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The Department of Justice's Marijuana Memo Is a Disappointment for Federalism

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Changes in marijuana laws have been moving through the country. From the legalization of medical marijuana in a number of states and the District of Columbia to the outright legalization of small quantities in Colorado and Washington State, it hasn't been such a good time to be a fan of marijuana since the invention of the Funyun in 1969.

There's just one catch -- marijuana is still illegal under federal law. The Department of Justice could still, at any moment, crash the party by swooping into Boulder and arresting folks who are lighting up.

Of course, no one really thinks that federal prosecutors are going to start harassing people smoking small amounts of marijuana for personal use. Maybe that small-time pot dealer would have reason to worry, though maybe we think he should be worried anyway.

The real question as been about what the Department of Justice would do with state governments and their regulations of the production, processing and sale of weed. Is the federal government going to prosecute the state of Colorado for aiding and abetting the distribution of marijuana? Or come after state officials? While those would be unsavory, it isn't outside the realm of what the Department of Justice could do.

And, a few weeks ago, the Department of Justice explained just what they'll do. Sort of.

As Deputy Attorney General James Cole explained, the Department of Justice will focus its efforts on "certain enforcement priorities that are particularly important to the federal government." These priorities include:

  • keeping weed from minors,
  • keeping the money from marijuana out of the hands of drug cartels,
  • keeping pot in states where it is legal from going to states where it's not (folks in Portland, Oregon, in particular, are worried about this),
  • keeping marijuana from impacting public safety, and
  • keeping pot off of federal property.

The Department of Justice then explained that, as long as those federal priorities aren't compromised, and there's really strong laws and regulations around how marijuana is grown, sold, distributed, and possessed, then, those states can rest assured that "conduct in compliance with those laws and regulations is less likely to threaten the federal priorities set forth above."

If that happens, then,

consistent with the traditional allocation of federal-state efforts . . . enforcement of state law by state and local law enforcement . . . should remain the primary means of addressing marijuana-related activity.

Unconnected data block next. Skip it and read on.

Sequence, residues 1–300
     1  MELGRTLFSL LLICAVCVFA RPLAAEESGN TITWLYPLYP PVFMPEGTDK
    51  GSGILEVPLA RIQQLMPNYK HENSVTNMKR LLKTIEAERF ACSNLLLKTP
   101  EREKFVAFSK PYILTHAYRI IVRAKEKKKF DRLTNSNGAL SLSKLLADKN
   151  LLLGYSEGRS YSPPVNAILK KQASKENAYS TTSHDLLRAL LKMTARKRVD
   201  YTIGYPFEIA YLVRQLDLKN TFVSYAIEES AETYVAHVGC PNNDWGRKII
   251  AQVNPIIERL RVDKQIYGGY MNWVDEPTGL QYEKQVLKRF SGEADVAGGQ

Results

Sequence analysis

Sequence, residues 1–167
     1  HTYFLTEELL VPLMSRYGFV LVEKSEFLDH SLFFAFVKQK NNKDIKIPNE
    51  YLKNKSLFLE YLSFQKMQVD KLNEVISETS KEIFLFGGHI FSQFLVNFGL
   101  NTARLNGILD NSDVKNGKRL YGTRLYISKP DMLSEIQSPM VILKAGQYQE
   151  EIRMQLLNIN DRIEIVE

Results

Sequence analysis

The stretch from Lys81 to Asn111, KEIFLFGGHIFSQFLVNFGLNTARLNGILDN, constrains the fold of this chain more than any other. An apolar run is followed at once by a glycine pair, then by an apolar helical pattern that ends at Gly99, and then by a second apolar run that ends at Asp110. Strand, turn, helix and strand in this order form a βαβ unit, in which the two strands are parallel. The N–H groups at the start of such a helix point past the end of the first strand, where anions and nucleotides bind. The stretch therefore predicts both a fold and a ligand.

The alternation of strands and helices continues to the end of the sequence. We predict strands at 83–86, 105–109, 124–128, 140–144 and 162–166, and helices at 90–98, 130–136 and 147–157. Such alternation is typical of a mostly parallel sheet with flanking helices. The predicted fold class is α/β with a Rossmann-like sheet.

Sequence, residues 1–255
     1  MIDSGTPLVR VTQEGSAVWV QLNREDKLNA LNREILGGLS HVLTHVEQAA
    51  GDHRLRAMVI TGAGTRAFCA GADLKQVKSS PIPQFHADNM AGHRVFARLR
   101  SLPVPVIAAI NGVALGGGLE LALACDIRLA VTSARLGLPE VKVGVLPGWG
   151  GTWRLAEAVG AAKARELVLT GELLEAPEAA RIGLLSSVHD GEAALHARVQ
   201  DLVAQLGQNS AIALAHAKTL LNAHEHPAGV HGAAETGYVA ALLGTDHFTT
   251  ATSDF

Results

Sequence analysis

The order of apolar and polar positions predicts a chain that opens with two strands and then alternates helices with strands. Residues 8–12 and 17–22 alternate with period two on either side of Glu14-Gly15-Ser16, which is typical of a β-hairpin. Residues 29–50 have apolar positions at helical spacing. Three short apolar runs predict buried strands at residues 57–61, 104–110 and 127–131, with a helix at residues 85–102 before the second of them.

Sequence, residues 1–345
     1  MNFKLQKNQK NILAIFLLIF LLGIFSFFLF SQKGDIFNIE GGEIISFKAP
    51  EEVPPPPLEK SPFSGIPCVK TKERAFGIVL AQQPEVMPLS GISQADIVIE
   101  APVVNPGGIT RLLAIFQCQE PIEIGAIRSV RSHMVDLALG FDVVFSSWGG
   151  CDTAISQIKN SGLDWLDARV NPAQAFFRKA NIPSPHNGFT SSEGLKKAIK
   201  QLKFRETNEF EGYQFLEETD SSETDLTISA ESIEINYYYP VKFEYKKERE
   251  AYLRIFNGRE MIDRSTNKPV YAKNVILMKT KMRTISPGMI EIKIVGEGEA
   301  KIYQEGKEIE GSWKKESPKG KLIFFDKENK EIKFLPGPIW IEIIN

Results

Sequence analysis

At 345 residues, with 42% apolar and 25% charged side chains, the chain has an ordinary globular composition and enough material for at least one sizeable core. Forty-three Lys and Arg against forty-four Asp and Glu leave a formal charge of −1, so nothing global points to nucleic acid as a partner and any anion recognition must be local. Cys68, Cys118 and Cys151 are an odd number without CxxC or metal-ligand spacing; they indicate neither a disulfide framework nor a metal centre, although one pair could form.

But, in case you're worried that this non-statement of non-involvement is too clear, DOJ wants you to know that the federal government can still come in to do whatever it has the ability to do "including criminal prosecutions."

The Department of Justice, in the end, just can't bring itself to say that it won't prosecute state, state officials, or people in states, who are relying on state law in order to figure out what's legal and what's not.

This is a real shame for federalism. As imagined at the start of our country, the point of having states is supposed to be that each state can experiment with different policy ideas. Vermont, for example, can decide to legalize gay marriage, while Alabama doesn't. Maybe Iowa wants to have gambling and Nevada doesn't (or, more likely, vice versa). We let Illinois legalize prostitution while Utah makes it punishable by life in prison.

Let a hundred flowers bloom.

The idea is that people in different states will think of different ways to structure their lives and communities, we'll see which ones work better, and then a new idea will either catch on or not. If Iowa's newer lower speed limits save lives, then maybe Wyoming wants to follow suit. Or not.

When the federal government over regulates in an area where the states disagree, it undermines the foundation of our federal system.

Here, the Department of Justice had a historic opportunity to say that since the people of these states had spoken, as long as what happens in Colorado stays in Colorado, they wouldn't make a federal case out of it. Instead, they issued a mealy-mouth statement about their ability to come in like a ton of bricks if their priorities aren't met.

It's a lost opportunity.